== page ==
What Drives PDPM
Rajeev Kumar, MD
Like most people, there are days when it is tempting to kick back and reminisce about all the fun during long lost childhood days. Fond memories of long, and fun-filled, driving vacations—each and every summer—are still gleefully etched in memory. Those trips took weeks of planning and incorporated a variety of opinions from the entire family. However, when the dust settled, there was just one driver—the author’s father.
After nearly two years of planning, the long term and post-acute care profession has embarked on its Patient-Driven Payment Model (PDPM) journey. Now that therapy is not the primary driver of reimbursement for skilled nursing facilities (SNFs) anymore, before one could say Interim Payment Assessment (IPA), thousands of therapists have job uncertainty. To come to grips with this somewhat expected, yet sobering reality, the burning question—what drives PDPM—needs to be answered first.
The Right Amount
When introducing RCS-1, and then PDPM, the Centers for Medicare & Medicaid Services (CMS) realized that the therapy-centric, resource utilization groups (RUGs) based prospective payment system (PPS) was flawed and obsolete. Now, the main goal of PDPM has been to reimburse SNFs based on patient characteristics and complexity of care.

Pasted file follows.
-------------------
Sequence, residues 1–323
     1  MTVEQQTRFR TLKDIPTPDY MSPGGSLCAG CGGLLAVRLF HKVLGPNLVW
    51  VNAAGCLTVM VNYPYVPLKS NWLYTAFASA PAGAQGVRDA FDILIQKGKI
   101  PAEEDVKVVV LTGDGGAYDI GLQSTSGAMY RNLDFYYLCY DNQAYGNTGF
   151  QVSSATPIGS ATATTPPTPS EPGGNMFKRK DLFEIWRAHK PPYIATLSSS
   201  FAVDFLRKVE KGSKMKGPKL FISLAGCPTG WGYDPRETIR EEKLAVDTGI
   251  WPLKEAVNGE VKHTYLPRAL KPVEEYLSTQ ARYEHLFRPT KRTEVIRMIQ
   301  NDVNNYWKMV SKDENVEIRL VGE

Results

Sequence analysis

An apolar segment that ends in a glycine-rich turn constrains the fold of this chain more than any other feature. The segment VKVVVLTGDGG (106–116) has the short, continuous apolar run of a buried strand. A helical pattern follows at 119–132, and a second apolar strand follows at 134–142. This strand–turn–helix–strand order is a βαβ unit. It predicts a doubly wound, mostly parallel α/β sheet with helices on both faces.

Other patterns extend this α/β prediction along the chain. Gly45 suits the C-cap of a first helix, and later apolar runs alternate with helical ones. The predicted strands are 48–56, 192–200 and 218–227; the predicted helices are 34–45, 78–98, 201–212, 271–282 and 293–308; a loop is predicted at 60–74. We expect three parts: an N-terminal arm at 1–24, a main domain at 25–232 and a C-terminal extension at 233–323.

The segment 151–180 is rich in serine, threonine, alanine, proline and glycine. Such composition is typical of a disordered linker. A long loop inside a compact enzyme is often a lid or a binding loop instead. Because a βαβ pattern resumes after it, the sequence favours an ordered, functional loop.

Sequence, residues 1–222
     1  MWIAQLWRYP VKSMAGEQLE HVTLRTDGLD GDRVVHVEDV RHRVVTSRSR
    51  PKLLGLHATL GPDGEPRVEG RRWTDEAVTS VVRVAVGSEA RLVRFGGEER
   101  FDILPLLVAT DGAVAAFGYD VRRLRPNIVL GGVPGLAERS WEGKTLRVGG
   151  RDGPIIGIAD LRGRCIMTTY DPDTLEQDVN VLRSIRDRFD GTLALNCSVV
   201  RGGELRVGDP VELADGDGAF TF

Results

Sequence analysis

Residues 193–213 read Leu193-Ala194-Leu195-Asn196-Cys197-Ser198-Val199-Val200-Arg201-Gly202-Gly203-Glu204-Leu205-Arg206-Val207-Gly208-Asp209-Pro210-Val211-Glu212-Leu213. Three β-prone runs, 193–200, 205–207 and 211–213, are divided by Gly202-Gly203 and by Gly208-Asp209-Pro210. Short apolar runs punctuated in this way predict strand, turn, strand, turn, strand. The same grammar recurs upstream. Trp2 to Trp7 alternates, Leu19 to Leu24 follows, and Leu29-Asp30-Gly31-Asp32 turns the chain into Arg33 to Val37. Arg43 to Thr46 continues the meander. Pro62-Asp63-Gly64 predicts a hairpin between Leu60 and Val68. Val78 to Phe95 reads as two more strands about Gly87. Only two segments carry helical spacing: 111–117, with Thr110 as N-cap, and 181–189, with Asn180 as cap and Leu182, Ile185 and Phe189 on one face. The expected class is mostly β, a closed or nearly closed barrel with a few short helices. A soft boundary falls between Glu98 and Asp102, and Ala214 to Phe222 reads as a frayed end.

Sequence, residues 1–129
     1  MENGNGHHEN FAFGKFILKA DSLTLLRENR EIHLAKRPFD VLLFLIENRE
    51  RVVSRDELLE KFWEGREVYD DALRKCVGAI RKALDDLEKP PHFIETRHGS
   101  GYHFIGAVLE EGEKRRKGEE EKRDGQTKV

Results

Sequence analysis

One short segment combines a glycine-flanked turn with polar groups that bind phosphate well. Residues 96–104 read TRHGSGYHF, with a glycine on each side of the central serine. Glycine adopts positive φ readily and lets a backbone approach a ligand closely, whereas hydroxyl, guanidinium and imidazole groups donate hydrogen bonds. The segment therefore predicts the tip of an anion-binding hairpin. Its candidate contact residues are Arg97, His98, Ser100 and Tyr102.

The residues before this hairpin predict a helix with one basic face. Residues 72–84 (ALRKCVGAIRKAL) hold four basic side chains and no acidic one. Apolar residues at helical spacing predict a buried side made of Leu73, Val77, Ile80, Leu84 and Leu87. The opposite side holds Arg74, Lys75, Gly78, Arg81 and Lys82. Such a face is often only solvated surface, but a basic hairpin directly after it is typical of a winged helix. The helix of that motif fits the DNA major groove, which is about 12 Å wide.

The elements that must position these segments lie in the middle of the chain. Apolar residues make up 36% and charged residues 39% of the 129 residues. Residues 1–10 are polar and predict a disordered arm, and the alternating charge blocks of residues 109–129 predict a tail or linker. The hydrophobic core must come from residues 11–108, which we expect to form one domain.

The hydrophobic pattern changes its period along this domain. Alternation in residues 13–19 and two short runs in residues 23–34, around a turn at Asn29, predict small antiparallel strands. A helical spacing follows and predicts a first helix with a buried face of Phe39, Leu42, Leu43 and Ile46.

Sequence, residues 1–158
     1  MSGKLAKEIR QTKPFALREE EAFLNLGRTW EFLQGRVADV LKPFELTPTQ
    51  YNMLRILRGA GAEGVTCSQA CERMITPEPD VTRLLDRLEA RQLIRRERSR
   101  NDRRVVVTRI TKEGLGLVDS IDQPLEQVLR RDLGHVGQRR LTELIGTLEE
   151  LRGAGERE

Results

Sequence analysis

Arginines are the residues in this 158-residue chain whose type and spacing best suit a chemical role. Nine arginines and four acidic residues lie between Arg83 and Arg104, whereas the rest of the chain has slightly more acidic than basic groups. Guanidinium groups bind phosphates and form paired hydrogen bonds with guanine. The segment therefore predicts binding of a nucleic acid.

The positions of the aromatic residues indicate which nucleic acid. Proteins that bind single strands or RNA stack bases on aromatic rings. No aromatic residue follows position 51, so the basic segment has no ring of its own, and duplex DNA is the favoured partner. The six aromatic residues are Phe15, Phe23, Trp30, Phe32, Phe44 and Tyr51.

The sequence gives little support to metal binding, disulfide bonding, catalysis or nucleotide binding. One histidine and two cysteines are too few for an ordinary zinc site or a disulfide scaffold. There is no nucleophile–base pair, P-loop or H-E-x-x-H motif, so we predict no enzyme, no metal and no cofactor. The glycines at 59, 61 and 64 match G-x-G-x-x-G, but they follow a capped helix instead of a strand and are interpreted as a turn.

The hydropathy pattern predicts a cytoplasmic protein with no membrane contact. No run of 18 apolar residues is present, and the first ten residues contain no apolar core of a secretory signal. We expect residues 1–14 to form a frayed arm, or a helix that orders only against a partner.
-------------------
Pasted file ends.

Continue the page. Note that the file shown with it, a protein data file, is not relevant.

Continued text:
Since therapy would cease to be the prime driver of SNF reimbursement under PDPM, most expected the therapy utilization to drop. However, CMS has declared that it reserves the option to audit providers when therapy is underutilized. So, what does all of this mean? How much therapy is the right amount? And who decides what is right?
Firstly, PDPM means just that. It is a payment model driven by patient characteristics and complexity of care. It goes without saying that the care of patients in SNFs, in general, ought to include therapy. The goal for patient stays in SNFs is to optimize their functional status while providing all the necessary clinical and nursing care, so that they may transition to their homes or to other care settings at an opportune time.
Granted, there will be patients who do not benefit from therapy as they may be too weak or too sick, but even they need to be reevaluated periodically to assess their candidacy for therapy.